Salespeople sometimes complain that they don’t have fixed or standard pricing. They believe that their jobs would be easier if they had fixed pricing, and that would more easily qualify and disqualify their targets. They are simply wrong on this point.
Salespeople also believe that the reason that they don’t have fixed pricing is that their sales leadership believes that they will leave money on the table. They are correct on this point.
But these salespeople don’t fully understand that the money that they are leaving on the table isn’t only the money that they would charge their client for their services. They also leave money on the table that their client might have claimed—had they done a better job selling.
You Aren’t a Commodity
If you are a commodity, you can stop reading right here. There isn’t much I am going to write here that is going to mean all that much to you. If you sell price because that is your company’s strategic decision, then you are right to sell price. You probably have fixed pricing, too. But if you don’t sell price, if you sell something else, then read on.
If you are not a commodity (or intend not to be one), then it is your obligation as a salesperson to create the most value that you possibly can for your clients and to capture some portion of the value you create for your company and yourself. It is your job to spend time working to understand and diagnose your client’s needs so that you can build with them a solution that creates the most value possible.
If you sell your preconceived solution based on what you believe they need before you spend enough time exploring, then you have a preconceived idea of the value you create and what you can charge. But if you really explore, if you dig deep and act like a consultative salesperson, you’ll move way beyond this point. You’ll find that there are results that you can help your clients achieve for which they would gladly invest more.
You don’t have fixed pricing because you are supposed to be maximizing the value you create for your clients, and there is range of possible investments that they can make to generate the results that they need. If they need greater results, the investment is necessarily higher. If they need greater results, but suffer from financial constraints, you need the flexibility to price your offerings to get them the best result that they can afford.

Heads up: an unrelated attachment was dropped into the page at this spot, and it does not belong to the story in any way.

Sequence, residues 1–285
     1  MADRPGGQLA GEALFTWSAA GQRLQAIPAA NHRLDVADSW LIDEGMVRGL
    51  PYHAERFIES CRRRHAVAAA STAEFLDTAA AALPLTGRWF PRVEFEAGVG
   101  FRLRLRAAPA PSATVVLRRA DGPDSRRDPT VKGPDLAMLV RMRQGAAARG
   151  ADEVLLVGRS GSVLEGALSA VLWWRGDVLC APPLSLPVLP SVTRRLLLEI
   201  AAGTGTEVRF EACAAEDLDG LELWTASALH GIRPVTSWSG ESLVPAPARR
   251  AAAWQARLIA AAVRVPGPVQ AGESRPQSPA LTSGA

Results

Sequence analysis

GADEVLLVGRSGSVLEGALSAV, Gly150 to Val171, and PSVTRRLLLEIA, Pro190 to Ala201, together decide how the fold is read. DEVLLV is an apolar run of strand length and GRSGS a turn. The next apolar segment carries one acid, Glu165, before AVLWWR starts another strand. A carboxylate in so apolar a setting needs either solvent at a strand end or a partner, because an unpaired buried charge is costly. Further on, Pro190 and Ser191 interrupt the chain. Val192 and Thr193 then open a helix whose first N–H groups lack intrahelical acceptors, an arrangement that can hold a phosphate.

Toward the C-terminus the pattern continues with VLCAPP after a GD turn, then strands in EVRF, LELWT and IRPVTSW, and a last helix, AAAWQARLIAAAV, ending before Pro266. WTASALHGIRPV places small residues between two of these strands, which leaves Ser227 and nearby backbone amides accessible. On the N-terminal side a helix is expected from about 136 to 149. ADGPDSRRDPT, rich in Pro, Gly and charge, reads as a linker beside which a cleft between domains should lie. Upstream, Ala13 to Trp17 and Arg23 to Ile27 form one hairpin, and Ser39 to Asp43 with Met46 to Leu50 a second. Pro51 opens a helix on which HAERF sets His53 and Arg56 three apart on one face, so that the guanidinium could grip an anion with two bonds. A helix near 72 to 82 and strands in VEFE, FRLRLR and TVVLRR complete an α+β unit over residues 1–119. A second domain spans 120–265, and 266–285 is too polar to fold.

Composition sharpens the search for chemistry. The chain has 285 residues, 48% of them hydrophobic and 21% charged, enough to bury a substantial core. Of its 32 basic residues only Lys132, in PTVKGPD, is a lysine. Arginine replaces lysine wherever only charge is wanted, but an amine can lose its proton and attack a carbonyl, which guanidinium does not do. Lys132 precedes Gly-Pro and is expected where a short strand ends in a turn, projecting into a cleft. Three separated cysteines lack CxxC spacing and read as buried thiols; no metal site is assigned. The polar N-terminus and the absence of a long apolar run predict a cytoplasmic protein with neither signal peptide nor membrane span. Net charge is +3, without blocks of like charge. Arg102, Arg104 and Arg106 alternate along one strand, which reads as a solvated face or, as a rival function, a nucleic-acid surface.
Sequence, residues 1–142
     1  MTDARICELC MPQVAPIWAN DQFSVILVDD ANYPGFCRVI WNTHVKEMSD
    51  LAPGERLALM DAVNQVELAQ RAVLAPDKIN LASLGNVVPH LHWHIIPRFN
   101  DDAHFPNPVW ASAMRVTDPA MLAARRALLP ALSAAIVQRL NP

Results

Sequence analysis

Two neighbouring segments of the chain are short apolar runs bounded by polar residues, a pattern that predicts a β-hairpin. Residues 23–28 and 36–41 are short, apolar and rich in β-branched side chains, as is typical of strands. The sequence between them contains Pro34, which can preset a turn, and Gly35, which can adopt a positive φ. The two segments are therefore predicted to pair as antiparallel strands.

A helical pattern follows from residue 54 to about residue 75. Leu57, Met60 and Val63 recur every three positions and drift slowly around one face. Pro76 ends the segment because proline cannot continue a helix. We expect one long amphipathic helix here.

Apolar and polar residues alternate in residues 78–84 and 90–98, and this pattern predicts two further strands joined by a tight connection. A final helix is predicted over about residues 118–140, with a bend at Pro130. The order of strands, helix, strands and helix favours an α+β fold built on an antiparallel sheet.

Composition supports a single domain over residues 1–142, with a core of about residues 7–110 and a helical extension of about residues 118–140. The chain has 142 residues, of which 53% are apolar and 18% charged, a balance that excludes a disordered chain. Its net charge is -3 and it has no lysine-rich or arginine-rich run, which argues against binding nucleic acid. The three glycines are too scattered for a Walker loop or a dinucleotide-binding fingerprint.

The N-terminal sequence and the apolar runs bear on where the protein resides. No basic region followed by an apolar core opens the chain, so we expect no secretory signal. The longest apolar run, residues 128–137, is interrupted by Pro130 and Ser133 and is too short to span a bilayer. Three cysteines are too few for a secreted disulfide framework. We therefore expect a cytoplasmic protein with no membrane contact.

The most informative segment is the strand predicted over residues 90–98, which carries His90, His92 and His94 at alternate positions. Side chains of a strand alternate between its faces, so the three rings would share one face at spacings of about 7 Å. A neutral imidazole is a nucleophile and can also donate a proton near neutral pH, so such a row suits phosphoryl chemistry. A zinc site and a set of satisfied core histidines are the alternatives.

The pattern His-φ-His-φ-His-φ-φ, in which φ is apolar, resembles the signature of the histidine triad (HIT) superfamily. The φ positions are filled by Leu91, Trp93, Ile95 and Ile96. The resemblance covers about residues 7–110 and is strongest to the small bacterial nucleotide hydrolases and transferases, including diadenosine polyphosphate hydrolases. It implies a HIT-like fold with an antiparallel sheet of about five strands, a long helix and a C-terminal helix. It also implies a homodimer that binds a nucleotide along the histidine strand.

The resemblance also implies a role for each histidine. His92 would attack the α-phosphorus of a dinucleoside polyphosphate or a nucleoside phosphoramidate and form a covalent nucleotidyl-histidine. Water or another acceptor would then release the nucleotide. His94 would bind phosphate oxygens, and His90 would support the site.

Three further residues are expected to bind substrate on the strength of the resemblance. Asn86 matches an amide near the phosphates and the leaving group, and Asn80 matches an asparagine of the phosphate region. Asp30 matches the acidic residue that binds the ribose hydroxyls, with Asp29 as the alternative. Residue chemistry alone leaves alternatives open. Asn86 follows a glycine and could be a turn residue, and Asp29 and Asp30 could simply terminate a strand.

Doing less than this is behaving like a commodity.
You Will Behave Badly
Now, let’s tackle your leadership’s fear that you will automatically go to the lowest possible price, were you to have fixed pricing.
Maybe you would, and maybe you wouldn’t. Your compensation structure may incent you for selling above the minimum price, but when the clock starts running out and deals are needed, lots of deals find their way to the bottom. Some salespeople would get above the line, but most choose speed and a closed deal, knowing that time is fleeting. Many more just go straight to the lowest price.
But even if the bottom price meets your company’s revenue and margin goals, by chasing the bottom you make it less likely that you will do the work necessary to find ways to create and deliver the value that your client really needs. It is a disservice to your client, a disservice to your company, and, ultimately, a disservice to you.
Learning to sell well means doing what is right for your clients, even when doing what is right for your clients makes it more difficult for you. This is why fixed pricing doesn’t work, and why you don’t have it.
Why do some salespeople want fixed pricing? Is it about doing what is right for their clients or doing what is easiest for them?
Are there things that you could do to help your clients produce better results were they to invest in getting those results? Are there different needs that may exist that you can help your client achieve if money were no object?
How does not having fixed pricing make selling more difficult?
How does not having fixed pricing make selling easier? What does it do in the way of eliminating fixed value creation?
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Filed under: Sales